Another anti‐biofilm compound is nitric oxide (NO). NO is a reactive‐free radical normally produced by phagocytes as part of the immune response to bacteria (Ghaffari et al, 2006). It has been shown that small molecules that release NO have anti‐microbial properties and are capable of degrading biofilms (Barraud et al, 2006; De Groote & Fang, 1995). Recent studies presented a delivery system that provides a means to fine‐tune the distribution of NO into biofilms (Hetrick et al, 2008, 2009). The authors use NO releasing silica nanoparticles to create a rapid diffusion that kills cells within established biofilms more effectively than a slow prolonged delivery.

Staphylococcus aureus

S. aureus is a Gram positive, coagulase and catalase positive coccus. It is responsible for a wide range of diseases from minor skin conditions like impetigo and abscesses to more serious conditions such as food poisoning, meningitis, endocarditis, pneumonia, septicaemia and TSS (Massey & Mangiafico, 1974). It is also one of the most common causes of nosocomial infections where it manifests itself as chronic wound infections. S. aureus colonizes approximately 30% of the population persistently, and close to 60% transiently. Most of the people with a healthy immune system, however, do not get infected, probably due to intact barriers that prevent invasive infection (Peterson et al, 2008). A major problem associated with S. aureus infections is the rise of methicillin resistant S. aureus (MRSA) as well as multidrug resistant strains (MDR) (Venter et al, 2004; Weinstein, 2001). New antibiotics such as linezolid and daptomycin are now being used to treat MRSA strains but some strains are already resistant to these drugs (Meka & Gold, 2004). It is therefore important to look for alternatives that would not engender the selective pressure to further increase drug resistance. One such alternative is to target QS cell‐to‐cell communication systems.

S. aureus has two phenotypes, an adhesive colonizer phenotype that is tolerated by the host, and a severe, invasive, infective phenotype that has high tissue damaging capabilities and is responsible for most of the manifestations of the disease (George & Muir, 2007). The switch in phenotypes is mediated by the agr QS system, the key regulator of gene expression in S. aureus and a vital determinant of species evolutionary diversification (Novick & Geisinger, 2008; Wright et al, 2005b). The agr QS system is depicted in Fig 2 and consists of a four gene operon (agrB, agrD, agrC, agrA) that synthesizes and secretes autoinducing cyclic thiolactone peptides (AIPs) (Novick et al, 1995). AIPs are produced and secreted by AgrBD and sensed through AgrC. AIPs bind to and activate AgrC, a membrane‐bound histidine sensor kinase (the major environmental sensory system in prokaryotic cells), which in turn phosphorylates and activates AgrA, a transcriptional factor that regulates the production of the effector molecule RNAIII. RNAIII downregulates the expression of surface adhesins while upregulating the expression of invasive virulence factors such as proteases, secreted toxins and lipases (George & Muir, 2007; Peterson et al, 2008). There are four different types of AIPs with AIP1 being the most widespread signal (George & Muir, 2007; Peterson et al, 2008).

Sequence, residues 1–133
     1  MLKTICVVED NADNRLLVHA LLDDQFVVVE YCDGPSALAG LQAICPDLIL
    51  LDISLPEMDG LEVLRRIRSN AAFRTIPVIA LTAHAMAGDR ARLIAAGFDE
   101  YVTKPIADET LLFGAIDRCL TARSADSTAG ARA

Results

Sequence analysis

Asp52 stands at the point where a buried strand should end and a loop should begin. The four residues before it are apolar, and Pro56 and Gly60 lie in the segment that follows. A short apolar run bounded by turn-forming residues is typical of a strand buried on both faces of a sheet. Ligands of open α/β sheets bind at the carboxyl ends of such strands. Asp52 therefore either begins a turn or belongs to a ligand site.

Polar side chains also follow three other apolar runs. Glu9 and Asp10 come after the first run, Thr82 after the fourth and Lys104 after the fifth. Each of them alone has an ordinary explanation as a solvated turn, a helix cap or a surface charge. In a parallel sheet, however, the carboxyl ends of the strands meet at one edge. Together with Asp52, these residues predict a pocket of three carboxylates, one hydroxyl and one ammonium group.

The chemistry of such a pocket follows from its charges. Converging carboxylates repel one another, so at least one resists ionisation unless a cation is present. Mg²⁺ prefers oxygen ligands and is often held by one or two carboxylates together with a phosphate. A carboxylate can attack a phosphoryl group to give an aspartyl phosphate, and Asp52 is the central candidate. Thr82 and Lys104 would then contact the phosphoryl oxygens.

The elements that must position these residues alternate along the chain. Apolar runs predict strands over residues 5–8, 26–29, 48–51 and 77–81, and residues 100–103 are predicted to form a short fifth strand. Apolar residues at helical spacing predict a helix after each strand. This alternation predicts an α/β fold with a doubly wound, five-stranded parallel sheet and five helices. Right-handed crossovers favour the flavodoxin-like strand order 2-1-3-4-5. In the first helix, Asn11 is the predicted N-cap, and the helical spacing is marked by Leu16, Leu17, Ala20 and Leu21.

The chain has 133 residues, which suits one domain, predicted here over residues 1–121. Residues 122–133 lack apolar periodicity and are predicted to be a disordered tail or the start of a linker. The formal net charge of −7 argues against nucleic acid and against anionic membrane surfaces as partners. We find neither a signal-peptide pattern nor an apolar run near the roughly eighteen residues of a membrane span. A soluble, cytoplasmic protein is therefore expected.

Figure 2.

The relationship between QS and virulence in S. aureus. The blue symbols indicate potential therapeutic targets. The green letters correspond to the targeted mechanisms in Table 2.

A study by Peterson et al (2008) recently identified an innate barrier that prevents the switch from the adhesive to the invasive phenotype. These authors showed that Apolipoprotein B, the major structural protein of lipoproteins, sequesters the QS signal AIP1, consequently inhibiting Agr‐dependent virulence in MRSA isolates. In addition to Apolipoprotein B, another way to interfere with AIP AgrC signalling is the use of non‐cognate AIPs. The four AIPs identified in S. aureus vary due to slight sequence differences, and have been shown to selectively bind to their cognate AgrC receptors with a natural QS inhibition occurring when AIPs bind to non‐cognate receptors (Wright et al, 2005a). AIP4 differs from AIP1 by only a single amino acid but functions as an antagonist to AIP1 (Carmody & Otto, 2004; Chan et al, 2004). It has been proposed that identifying compounds with close sequence similarity to AIPs with antagonizing properties may provide an alternative way of treating S. aureus infections. Such compounds are summarized in Table 2.

View this table:
Table 2. QS targeting and anti‐biofilm compounds for S. aureus

S. aureus survival in biofilms also depends on genes regulated by a second QS system RAP/TRAP, although its designation as a QS system is controversial (Balaban et al, 2001; Novick, 2003). The proposed autoinducer RNAIII‐activating protein (RAP) is believed to be secreted and by an as yet unknown mechanism reenters the cell and activates the Target of RAP (TRAP). Activated TRAP up‐regulates agr expression and promotes cellular adherence, an integral part of biofilm formation (Harraghy et al, 2007; Kiran et al, 2008; Korem et al, 2005). This system can be exploited as another alternative to antibiotics, e.g. by the use of a heptapeptide that inhibits TRAP activity (Gov et al, 2001; Kiran et al, 2008). The heptapeptide RNAIII‐inhibiting peptide (RIP) has been shown to inhibit TRAP phosphorylation and agr expression. Kiran et al (2008) showed that RIP is effective against some strains of MRSA and identified a RIP non‐peptide analogue, hamamelitannin, that prevents device‐associated MRSA infections in a concentration‐dependent manner (Kiran et al, 2008).